Darts and Laurels: Spencer must focus on basics

Published 12:00 am Thursday, June 6, 2019

Dart to the politically charged environment in which Spencer finds itself.

Stoked by the departure of former Town Manager Terence Arrington, who made it known he wanted out but remained on the job, the state of affairs in Spencer has devolved into one where aldermen are debating with one another about state statutes pertaining to how bills should be paid.

And, the fact that the town is now without a permanent town manager and an important department head, Troy Powell, who accepted a job with the city of Greensboro, only makes things worse. Members of the town board are engaged in personal conflicts when they should be focused on finding a manager and filling staff positions.

Arrington’s departure may have been divisive, but it’s time to focus on what voters elected town board members to do ensuring the town is running OK.

Laurel to John Sofley, who’s helping the town of Spencer with its budget.

Sofley last week presented a budget that’s within 0.1 cents of a revenue neutral property tax rate, which is still technically a tax increase but closer than many local governments have come.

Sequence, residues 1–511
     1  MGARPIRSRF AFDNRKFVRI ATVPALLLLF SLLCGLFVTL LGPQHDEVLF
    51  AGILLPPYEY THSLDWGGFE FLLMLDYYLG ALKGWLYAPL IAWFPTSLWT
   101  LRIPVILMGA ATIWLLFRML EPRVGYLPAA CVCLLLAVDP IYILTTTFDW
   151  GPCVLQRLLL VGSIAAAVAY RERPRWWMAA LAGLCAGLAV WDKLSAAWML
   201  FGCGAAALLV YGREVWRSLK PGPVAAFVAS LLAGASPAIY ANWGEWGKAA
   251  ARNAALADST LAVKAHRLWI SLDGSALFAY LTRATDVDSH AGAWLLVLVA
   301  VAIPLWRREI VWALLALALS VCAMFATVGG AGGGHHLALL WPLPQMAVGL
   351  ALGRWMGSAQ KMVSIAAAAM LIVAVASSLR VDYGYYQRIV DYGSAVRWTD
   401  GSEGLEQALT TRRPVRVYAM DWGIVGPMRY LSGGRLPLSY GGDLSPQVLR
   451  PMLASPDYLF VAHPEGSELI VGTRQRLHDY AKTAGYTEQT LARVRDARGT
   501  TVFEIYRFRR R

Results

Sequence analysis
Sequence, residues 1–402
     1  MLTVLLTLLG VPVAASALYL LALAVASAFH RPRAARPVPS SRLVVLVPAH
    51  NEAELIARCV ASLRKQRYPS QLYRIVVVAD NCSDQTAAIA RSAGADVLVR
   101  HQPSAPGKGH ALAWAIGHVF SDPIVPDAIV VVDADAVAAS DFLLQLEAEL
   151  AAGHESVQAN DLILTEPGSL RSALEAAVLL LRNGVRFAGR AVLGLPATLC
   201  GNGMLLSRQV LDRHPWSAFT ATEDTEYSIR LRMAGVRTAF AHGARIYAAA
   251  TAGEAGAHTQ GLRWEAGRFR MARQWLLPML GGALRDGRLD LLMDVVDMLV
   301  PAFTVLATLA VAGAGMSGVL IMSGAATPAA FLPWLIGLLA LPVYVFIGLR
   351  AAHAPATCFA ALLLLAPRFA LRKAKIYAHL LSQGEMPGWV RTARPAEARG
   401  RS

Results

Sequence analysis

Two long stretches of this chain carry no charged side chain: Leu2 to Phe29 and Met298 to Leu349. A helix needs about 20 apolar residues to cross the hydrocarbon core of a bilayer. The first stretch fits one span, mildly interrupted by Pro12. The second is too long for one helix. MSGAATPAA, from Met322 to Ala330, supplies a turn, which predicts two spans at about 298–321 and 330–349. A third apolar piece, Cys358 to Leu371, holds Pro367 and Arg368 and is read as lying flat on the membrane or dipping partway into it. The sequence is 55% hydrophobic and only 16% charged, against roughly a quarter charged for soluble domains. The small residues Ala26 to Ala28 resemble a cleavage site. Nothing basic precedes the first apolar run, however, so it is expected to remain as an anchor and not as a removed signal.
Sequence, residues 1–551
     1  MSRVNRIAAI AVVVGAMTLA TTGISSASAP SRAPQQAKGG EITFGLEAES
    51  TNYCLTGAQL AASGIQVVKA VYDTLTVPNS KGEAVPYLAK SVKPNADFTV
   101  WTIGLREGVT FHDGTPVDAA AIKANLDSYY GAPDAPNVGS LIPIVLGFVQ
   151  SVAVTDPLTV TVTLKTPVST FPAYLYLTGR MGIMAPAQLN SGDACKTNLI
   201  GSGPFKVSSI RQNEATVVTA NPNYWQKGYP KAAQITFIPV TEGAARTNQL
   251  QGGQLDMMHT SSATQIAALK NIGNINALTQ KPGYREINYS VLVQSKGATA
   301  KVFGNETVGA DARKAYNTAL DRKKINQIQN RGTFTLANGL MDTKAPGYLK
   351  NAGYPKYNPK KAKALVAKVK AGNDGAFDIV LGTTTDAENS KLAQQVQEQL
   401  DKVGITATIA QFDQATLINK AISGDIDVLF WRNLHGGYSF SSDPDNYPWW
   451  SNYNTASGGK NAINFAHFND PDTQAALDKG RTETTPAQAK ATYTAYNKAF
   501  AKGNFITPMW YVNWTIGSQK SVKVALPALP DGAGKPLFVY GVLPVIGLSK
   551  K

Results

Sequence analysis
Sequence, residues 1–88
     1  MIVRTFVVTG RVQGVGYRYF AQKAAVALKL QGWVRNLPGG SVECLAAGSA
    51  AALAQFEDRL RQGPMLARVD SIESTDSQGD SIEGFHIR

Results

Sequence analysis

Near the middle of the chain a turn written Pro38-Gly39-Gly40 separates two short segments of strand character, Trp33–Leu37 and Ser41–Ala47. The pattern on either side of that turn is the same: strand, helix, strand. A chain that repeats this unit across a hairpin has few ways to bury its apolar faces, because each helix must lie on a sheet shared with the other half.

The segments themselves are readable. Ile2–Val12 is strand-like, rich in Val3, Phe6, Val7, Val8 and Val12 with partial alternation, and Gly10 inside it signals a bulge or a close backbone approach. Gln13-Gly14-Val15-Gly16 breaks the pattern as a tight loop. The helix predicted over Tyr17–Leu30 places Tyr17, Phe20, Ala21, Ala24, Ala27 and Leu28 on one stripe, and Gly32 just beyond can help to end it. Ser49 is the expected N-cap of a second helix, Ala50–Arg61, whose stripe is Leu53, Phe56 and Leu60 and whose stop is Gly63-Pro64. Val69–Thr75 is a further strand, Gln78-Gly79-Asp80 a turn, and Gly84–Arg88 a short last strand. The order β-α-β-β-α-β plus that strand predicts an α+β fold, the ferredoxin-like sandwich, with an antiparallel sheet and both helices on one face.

As many astute readers will point out, lowering the property tax rate is not necessarily a generic tax decrease. If a person’s home value increases, but the tax rate stays the same or only decreases slightly, he or she will likely have a more expensive tax bill.

Meanwhile, lowering taxes to a revenue-neutral rate doesn’t mean homeowners will pay less in taxes. The revenue-neutral rate is based on an average. If a single home’s value appreciated by a significant margin, even a several-cent decrease may not result in a property tax cut.

All local governments should strive for a revenue-neutral rate in a revaluation year in which property values are on the rise.

Laurel to the Salisbury City Council for looking for compromise amid conflict over  the conversion of a tennis court at Salisbury City Park to pickleball courts.

That tennis players might lose a place to play has prompted an outcry. Though pickleball players say their sport’s popularity outpaces tennis and is growing rapidly.

Ultimately, the city may judge that proceeding as planned is the best move. But there’s no harm in spending more time on the issue and seeing whether there’s a solution that’s cost-effective and satisfies both sides.

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